What to Know About Primary Biliary Cholangitis (PBC)


Referred to as a progressive autoimmune disease of the liver, primary biliary cholangitis (PBC) leads to damage and enlargement of the small bile ducts in the liver. In the event that the disease is not detected or treated, it could cause serious liver scarring, hepatic failure, and liver transplant needs, making it crucial to be aware of the indications and risks factors surrounding the condition. The condition was formerly known as "primary biliary cirrhosis" but PBC medical experts and patient advocacy groups decided to change the name in 2015. A number of patients impacted by the disease felt that using the word cirrhosis caused an erroneous association with alcohol consumption and was commonly misleading since most individuals diagnosed with PBC do not have liver cirrhosis (advanced liver damage).

Who is at risk for PBC?

Women over the age of 40 are most likely to develop primary biliary cholangitis. It is estimated that the condition impacts one in 1,000 women over the age of 40. While men can develop the disease as well, nearly 90% of people diagnosed with PBC are women. Primary biliary cholangitis can run in families, and a person might be at an increased risk if they have a sibling, parent, or child who has been diagnosed with the liver disease. Likewise, at least 50% of individuals with PBC also have another autoimmune condition. People who are living with health problems, like Raynaud's syndrome, autoimmune thyroid disease, and Sjogren's syndrome, need to be especially mindful of their condition and general health. The specific source of primary biliary cholangitis is unknown, but it is not caused by drinking alcohol and is not communicable.

The signs of primary biliary cholangitis

Among some patients, primary biliary cholangitis can take several years to present symptoms. Several symptoms of the disease are a lot like those of other health concerns, making it more difficult for physicians to identify. Oftentimes, patients who have primary biliary cholangitis get diagnosed due to evidence of liver damage detected during routine liver labs. Regular lab tests are a standard way to assess liver function and commonly include the evaluation of:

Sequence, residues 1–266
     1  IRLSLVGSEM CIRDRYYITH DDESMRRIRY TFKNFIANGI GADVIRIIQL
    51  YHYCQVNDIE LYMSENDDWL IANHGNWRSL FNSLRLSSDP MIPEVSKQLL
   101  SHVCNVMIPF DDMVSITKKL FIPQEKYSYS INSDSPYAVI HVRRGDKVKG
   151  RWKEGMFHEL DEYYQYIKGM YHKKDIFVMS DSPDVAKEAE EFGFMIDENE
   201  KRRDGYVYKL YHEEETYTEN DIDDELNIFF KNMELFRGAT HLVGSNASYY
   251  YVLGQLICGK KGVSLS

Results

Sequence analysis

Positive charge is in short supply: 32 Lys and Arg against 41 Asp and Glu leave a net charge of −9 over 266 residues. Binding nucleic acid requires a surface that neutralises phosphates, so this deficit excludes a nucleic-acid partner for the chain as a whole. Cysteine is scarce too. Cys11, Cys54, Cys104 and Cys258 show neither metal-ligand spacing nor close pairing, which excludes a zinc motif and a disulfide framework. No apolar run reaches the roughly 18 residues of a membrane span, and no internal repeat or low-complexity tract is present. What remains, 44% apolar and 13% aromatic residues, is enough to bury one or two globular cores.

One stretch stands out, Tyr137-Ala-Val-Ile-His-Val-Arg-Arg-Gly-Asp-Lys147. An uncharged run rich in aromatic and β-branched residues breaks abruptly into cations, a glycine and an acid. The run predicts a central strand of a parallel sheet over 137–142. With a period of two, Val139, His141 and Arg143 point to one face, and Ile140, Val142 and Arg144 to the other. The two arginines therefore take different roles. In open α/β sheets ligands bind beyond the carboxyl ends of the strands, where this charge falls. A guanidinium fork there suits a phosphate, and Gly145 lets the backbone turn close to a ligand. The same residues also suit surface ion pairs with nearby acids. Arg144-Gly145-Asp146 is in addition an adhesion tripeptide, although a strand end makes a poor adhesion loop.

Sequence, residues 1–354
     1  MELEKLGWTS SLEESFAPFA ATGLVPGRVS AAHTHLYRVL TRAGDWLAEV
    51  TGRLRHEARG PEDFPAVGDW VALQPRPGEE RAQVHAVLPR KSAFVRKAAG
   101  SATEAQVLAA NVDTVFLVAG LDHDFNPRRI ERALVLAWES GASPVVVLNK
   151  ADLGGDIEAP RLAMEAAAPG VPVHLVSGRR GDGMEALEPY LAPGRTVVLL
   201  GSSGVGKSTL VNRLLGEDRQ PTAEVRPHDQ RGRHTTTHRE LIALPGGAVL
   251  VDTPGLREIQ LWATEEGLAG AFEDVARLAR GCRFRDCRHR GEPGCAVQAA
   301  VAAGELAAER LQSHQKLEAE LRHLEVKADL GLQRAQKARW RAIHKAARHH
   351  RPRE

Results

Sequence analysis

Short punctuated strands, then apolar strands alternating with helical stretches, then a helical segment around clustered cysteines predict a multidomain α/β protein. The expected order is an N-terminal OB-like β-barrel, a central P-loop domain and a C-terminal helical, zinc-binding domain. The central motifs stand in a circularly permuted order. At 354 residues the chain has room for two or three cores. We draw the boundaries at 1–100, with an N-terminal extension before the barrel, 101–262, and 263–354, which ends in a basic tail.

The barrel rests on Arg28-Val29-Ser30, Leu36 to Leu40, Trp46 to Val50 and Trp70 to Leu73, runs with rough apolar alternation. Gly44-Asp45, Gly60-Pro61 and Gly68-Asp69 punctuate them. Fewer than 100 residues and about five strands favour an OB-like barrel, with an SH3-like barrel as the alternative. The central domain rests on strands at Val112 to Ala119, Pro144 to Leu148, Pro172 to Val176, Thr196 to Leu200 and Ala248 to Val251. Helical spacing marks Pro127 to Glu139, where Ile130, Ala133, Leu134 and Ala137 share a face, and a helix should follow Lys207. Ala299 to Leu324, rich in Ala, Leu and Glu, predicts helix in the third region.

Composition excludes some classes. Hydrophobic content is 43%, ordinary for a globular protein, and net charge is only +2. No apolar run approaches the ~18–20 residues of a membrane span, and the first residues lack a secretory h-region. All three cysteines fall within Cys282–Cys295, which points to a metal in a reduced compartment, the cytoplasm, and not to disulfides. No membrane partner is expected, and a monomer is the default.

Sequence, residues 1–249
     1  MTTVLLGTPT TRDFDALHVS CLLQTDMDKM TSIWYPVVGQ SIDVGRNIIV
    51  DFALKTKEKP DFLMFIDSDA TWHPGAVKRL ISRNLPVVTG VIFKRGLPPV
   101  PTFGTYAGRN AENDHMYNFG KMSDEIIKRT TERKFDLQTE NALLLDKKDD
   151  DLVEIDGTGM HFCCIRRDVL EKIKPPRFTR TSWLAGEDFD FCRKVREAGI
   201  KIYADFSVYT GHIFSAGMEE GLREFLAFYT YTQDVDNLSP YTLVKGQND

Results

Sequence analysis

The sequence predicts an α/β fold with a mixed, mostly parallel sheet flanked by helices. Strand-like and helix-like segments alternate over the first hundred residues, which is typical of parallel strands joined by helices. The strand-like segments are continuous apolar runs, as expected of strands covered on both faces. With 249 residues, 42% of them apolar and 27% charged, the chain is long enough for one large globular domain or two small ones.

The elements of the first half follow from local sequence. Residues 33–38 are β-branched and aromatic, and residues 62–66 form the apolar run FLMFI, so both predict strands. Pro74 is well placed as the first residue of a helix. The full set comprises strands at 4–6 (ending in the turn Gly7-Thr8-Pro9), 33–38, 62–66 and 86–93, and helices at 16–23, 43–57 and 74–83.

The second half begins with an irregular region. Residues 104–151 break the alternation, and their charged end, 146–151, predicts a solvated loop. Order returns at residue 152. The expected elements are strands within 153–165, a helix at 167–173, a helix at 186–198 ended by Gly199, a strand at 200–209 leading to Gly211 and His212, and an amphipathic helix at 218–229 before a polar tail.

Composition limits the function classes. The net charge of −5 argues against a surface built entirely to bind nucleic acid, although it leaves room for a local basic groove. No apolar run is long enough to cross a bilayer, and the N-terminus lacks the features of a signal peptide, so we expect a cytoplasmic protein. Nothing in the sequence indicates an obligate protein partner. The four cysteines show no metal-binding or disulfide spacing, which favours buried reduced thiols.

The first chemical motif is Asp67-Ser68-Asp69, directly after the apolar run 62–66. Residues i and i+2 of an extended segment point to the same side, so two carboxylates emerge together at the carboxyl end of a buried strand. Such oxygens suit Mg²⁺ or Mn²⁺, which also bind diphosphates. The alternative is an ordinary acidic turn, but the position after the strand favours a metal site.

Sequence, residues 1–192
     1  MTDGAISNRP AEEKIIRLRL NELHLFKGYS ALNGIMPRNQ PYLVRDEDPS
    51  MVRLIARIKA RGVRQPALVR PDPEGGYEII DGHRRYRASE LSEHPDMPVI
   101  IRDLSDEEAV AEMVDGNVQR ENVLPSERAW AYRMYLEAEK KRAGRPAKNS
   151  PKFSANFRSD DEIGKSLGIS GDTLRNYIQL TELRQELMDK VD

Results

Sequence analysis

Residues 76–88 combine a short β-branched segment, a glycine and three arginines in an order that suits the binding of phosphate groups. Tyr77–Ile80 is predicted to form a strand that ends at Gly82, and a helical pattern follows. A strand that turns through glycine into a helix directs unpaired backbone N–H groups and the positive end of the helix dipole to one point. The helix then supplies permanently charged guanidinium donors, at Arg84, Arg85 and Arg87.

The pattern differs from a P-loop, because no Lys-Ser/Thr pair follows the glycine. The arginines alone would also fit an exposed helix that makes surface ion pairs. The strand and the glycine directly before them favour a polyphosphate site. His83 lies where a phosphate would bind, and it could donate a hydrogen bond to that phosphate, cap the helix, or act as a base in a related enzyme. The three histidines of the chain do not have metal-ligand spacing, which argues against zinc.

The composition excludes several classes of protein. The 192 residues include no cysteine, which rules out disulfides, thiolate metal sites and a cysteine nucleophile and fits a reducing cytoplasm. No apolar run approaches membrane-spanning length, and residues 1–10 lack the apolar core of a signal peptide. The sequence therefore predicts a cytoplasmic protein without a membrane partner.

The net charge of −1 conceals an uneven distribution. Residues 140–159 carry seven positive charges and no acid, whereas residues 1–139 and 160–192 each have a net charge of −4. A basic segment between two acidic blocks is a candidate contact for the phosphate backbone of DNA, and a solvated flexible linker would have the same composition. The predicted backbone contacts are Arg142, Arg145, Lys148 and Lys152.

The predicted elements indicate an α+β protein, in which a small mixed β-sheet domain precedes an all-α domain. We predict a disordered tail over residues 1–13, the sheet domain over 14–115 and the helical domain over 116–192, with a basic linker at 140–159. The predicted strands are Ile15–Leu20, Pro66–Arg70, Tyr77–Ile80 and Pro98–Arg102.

• albumin
  • gamma-glutamyl transpeptidase (GGT)
  • prothrombin time (PT)
  • aspartate aminotransferase (AST)
  • alkaline phosphatase (ALP)
  • bilirubin
  • alanine aminotransferase (ALT)

Within patient populations who experience symptoms of PBC, those most frequently reported include diminished energy and pruritus (itching).

How is PBC diagnosed?

The critical markers doctors first assess to diagnose PBC is a patient's ALP (alkaline phosphatase) readings.

  • In the early stages of primary biliary cholangitis, unusually elevated alkaline phosphatase could serve as an early indication to physicians that primary biliary cholangitis may be present.
  • ALP, sometimes referred to as "alk phos,” is an enzyme found in the body.
  • An unusually high ALP level can indicate damage to the liver.

Furthermore, it is necessary to test for antimitochondrial antibodies (AMAs) if primary biliary cholangitis is likely.

  • The presence of antimitochondrial antibodies is an indicator of primary biliary cholangitis.
  • Antimitochondrial antibodies are immunoglobulins produced by the immune system.

In some instances, physicians conduct a biopsy of the liver to establish a PBC diagnosis and to assess disease advancement. But liver biopsies are generally not necessary to diagnose the liver condition.

How is primary biliary cholangitis treated?

There is currently no way to reverse primary biliary cholangitis, but two medications have been approved in the United States to aid in managing the condition and slow the further progression of damage in the liver. Healthcare recommendations advocate that medical professionals examine alkaline phosphatase levels in patients with primary biliary cholangitis every 3 to 6 months to assess the progression of the disease and ascertain to what extent medication therapy is working. Because primary biliary cholangitis is a rare health condition, a large number of people turn to gastrointestinal doctors and liver specialists who have advanced training and expertise in treating liver diseases.

Find hope and support in your Indianapolis, IN community

September is Primary Biliary Cholangitis Awareness Month, and Sunday, September 12th is International PBC Day. This provides a chance for people who have been diagnosed with the liver problem to pay homage to the achievements of the primary biliary cholangitis patient community and spread further awareness about this liver condition. In the event you think you or a family member could be living with primary biliary cholangitis, we urge you to contact Indianapolis Gastroenterology and Hepatology today. We can help you arrange an appointment with one of our Indianapolis, IN gastroenterologists to learn about your primary biliary cholangitis risk factors and details about ALP testing.